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By Nityanand Shukla, Ranchi: Nothing could stop Aarti Kumari of Ranchi. Defying all the odds — poverty to displacement — this girl from Jharkhand stood out in her effort to make a mark. Today she has tasted success: Aarti is at the second spot in this year’s Arts intermediate merit list published by the Jharkhand Academic Council (JAC).
Aarti had lost her father in 2015 when she was studying in the 12th standard. It was then left to her mother to shoulder the responsibilities. But a distraught Aarti could not take the JAC exam that year.
But she pulled herself together and made up her mind. This year, she took the test and the JAC result proved that she’s one of the brightest students in Jharkhand.
Her mother has been the pillar of strength for Aarti and her brother, who has also completed his engineering studies.
Besides losing her father, Aarti had to face displacement as the family was forced to vacate their tenement in Naga Baba Khatal. They took shelter in another part of Ranchi. It was a tough time, but Aarti was constantly supported by her mother who told her to never deviate from her academic pursuits.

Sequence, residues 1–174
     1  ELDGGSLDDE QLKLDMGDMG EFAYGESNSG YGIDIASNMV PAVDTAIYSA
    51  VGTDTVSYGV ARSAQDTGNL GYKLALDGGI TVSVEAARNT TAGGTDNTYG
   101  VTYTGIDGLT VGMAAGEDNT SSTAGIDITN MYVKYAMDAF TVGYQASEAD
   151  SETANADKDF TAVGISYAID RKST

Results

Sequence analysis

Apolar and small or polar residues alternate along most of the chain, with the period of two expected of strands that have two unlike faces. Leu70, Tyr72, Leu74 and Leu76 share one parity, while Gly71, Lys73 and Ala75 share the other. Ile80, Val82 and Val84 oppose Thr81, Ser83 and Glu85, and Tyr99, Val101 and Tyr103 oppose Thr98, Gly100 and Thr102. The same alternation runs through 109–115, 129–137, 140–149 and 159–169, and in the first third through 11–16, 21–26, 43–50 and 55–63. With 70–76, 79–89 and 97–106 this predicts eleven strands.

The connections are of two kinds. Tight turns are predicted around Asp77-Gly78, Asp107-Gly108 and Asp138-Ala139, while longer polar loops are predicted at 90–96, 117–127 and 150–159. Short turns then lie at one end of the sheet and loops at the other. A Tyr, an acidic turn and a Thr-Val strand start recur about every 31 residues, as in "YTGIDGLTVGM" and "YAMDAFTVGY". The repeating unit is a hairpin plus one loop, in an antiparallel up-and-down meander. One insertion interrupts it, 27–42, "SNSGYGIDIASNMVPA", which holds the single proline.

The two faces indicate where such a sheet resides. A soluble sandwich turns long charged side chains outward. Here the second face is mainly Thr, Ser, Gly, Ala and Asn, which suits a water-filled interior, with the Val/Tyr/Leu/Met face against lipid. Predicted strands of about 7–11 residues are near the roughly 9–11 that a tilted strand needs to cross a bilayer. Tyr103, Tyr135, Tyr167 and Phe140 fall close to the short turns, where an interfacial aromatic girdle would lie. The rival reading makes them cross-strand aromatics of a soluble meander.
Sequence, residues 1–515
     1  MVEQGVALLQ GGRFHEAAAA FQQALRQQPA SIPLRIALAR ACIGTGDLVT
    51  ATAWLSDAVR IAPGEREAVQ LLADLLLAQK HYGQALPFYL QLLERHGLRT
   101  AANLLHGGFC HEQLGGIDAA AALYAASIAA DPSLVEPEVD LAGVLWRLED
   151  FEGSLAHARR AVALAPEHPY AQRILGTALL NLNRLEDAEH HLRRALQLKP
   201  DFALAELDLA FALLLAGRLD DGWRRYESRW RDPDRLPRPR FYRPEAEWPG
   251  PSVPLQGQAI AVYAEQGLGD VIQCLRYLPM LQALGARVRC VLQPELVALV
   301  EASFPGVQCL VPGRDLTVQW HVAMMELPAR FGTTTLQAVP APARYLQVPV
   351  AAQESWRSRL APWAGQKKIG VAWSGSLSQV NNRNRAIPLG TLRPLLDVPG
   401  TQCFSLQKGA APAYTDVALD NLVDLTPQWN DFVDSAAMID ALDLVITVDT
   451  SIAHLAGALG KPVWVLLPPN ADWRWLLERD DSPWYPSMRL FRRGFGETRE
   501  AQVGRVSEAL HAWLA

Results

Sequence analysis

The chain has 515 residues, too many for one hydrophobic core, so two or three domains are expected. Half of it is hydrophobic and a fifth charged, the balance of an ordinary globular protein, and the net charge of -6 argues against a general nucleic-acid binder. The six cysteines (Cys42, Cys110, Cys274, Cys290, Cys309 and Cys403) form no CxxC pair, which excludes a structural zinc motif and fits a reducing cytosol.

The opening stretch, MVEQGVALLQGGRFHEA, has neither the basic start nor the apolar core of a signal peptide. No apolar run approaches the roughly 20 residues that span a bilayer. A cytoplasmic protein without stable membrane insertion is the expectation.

It’s been a hard road to success for Aarti who now hopes to become an Indian Administrative Service official one day.
Similar is the story of Gayatri Singh of Gumla district. Her parents work at a brick kiln in Uttar Pradesh. Gayatri, however, didn’t follow them to the neighbouring state — she stayed back along with her sisters and brother, who works in a local store.
Gayatri had been adamant that despite financial constraints and the troubles that come with it, she would never give up studying. Her brother worked hard to ensure that Gayatri was not forced to drop out.
The result has been spectacular: Gayatri is at the third spot on the JAC merit list.
No wonder then that the neighbours are happy — the girl next door has made them proud, proving that nothing can come in the way if one is powered by a dream, determination and hard work.
Another shining example of grit and determination is Reeta Nupur Kujur of Lohardaga district who followed her dreams even as she got married and gave birth to a son. She has secured 10th position as per the JAC merit list.
Reeta got married after taking her matriculation exam. The marital life took away much of her time, as she became a mother. But her wish to pursue studies remained etched deep in her heart. Thankfully, she was encouraged by her husband, a farmer, who understood the need to study if Reeta was to fulfil her dream to become an Indian Police Service official one day.
So after a gap of six years, Reeta got back to the study materials and took admission in a women’s college. There has been no looking back since then. Reeta now plans to pursue graduate course in English and then chase her dream to become an IPS official. (Source: IANS)
(Nityanand Shukla can be contacted at email@example.com)
The US researchers have discovered a class of immune cells that plays a role in miscarriage, which affects about a quarter of pregnancies.